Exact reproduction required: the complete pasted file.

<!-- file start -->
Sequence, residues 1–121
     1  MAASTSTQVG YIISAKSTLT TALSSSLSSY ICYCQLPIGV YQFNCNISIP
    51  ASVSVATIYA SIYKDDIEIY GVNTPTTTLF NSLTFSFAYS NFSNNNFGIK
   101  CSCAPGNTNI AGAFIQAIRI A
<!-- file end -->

Sequence, residues 1–121
     1  MAASTSTQVG YIISAKSTLT TALSSSLSSY ICYCQLPIGV YQFNCNISIP
    51  ASVSVATIYA SIYKDDIEIY GVNTPTTTLF NSLTFSFAYS NFSNNNFGIK
   101  CSCAPGNTNI AGAFIQAIRI A